Happy Lenses are making a mark. We’ve had plenty of success thus far with these new lenses from Spy Optics and the new Bravo Goggles continue that trend.

Spy Bravo Features:

  • Features Lock Steady™ — the quickest, fingerprint free lens change system on the market
  • Custom built from a flexible polyurethane frame
  • Anti-fog 5.5-base ARC® spherical dual-lens system with anti-scratch protection
  • Free mirrored bonus lens
  • Triple-layer Isotron™ face foam with moisture-wicking Dri-Force™ fleece
  • Silicone-ribbed strap
  • 100% UV protection
  • Helmet compatible with the most popular helmets on the planet.
  • Price: $204.95 (with Happy Lenses)

Spy Bravo Goggles Review

A Round of Applause for the Bravos

Over the years, I’ve been known to fog up more than my fair share of goggles. For some reason, I like to create my own microclimate and it has come back to haunt me many times. Thankfully, goggle technology has greatly improved in recent years, so my fog machine days are gladly in the past. I’m happy to say that the Bravo goggles continued that trend.

These days, one of the top features I look for in a pair of goggles is of course, the field and quality of vision. With the Bravo’s you get a good field of vision, but not best-in-class. There’s no getting around the thickness of the frames with all the foam going on. So, I did seem to suffer from just a little bit of tunnel vision in the Bravo’s.

As far as optical quality, I can’t find a thing to complain about. Dark, dreary days were well-matched and bright, sunny days were glare-free and let my eyes rest — even after extended periods. There certainly is something to the Happy Lens Technology as it does improve clarity and reduces eye fatigue over the course of wearing them.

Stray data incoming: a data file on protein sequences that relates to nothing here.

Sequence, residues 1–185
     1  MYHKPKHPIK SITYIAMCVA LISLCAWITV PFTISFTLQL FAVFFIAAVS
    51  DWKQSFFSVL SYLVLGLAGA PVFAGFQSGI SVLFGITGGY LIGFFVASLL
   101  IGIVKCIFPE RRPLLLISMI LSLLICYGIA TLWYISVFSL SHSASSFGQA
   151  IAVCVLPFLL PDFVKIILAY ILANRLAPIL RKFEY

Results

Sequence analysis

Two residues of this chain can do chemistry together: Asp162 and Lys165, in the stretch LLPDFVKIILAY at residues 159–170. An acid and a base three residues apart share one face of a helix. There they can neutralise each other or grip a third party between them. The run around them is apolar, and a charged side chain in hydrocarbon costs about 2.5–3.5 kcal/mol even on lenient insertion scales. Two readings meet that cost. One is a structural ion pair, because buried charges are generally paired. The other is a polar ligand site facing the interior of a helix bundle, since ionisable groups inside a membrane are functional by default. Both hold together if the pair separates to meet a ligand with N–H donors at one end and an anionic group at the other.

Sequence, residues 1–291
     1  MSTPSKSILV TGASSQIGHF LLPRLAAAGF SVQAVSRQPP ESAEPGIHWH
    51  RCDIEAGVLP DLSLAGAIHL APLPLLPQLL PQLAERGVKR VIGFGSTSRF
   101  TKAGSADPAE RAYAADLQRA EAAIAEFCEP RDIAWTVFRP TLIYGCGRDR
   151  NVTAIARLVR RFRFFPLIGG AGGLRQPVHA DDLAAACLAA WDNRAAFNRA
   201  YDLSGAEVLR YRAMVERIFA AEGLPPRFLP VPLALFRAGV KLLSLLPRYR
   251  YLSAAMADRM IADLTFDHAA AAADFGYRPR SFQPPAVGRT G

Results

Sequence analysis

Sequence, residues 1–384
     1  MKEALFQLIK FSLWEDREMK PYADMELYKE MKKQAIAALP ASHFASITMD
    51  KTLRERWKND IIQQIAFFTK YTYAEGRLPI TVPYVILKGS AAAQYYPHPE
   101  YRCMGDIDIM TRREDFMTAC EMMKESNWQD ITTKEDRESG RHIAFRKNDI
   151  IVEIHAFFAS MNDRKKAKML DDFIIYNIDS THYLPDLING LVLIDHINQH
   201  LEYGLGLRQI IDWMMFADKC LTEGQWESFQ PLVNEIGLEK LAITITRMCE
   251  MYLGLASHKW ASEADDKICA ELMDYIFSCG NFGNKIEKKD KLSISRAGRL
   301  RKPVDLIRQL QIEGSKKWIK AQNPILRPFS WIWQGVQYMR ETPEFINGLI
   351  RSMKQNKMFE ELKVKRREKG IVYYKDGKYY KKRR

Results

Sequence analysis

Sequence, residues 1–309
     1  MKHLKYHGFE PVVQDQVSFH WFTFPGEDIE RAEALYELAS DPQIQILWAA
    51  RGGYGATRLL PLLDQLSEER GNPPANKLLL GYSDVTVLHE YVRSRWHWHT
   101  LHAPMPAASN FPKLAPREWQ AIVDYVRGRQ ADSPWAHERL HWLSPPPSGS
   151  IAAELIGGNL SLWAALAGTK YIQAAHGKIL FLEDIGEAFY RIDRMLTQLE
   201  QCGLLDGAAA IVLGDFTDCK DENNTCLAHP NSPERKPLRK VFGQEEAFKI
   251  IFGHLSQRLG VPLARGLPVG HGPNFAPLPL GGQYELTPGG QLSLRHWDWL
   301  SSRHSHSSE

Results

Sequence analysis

Spy Bravo Goggles - Testing Helmet Fit

Not the best fit with the POC Skull Light, but great with the Smith Vantage.


I wore the Bravo’s with a variety of helmets and found them to be decent, but not fantastic with all helmets. In particular, the POC Skull Light seemed to pose quite the challenge but the Smith Vantage helmet fit just fine. Part of the issue here is that the strap mounting point is inward instead of outward or on an outrigger system. As such, the POC Skull Light caused the strap to have to abruptly stretch outward to make it around the perimiter of the helmet.

Perhaps I’m just an old dude, but it seems that those who choose to wear the Bravo’s strap under their helmet, beanie-style, may appreciate the strap’s mounting location. I’m not cool enough to rock the goggle/beanie combo under my helmet, and, if you’re like me, I’d say choose wisely as some helmets aren’t as compatible as others.

Maxed out strap and strap attachment is inward on the frame.

Maxed out strap and strap attachment is inward on the frame.

I will say that the Lock Steady lens change system is on point. Talk about easy-to-use… this takes the cake. It’s super-easy and gets my nod for the best lens interchange platform in a pair of goggles today. If lens changes are important to you, you’ll love Lock Steady.

The Good

  • Lock Steady is hands-down the easiest lens change system
  • Happy Rose Lenses offer excellent optical clarity in a variety of conditions
  • Love the nose bridge size — doesn’t squeeze my nostrils like some goggles
  • Fog-free performance
  • Good scratch resistance

The Bad

  • Doesn’t work well with all helmets
  • Strap has to be fully extended to fit over helmets
  • Not best-in-class peripheral vision

The Bottom Line: Spy Bravo Goggles

The all-new Spy Bravo goggles are packed with all kinds of features. Tops on that list is the easy-to-use Lock Steady interchangeable lens system. A close second is the Happy Rose Lenses I tested — great optical quality and fatigue-free vision. I’m going to question the helmet compatibility, but it does work, just not ideally on some lids.

Buy Now: Available at REI



About Author

A native of the Pacific Northwest, Jason quickly developed a love for the outdoors and a thing for mountains. That infatuation continues as he founded this site in 1999 -- sharing his love of road biking, mountain biking, trail running and skiing. That passion is channeled into every article or gear review he writes. Utah's Wasatch Mountains are his playground.

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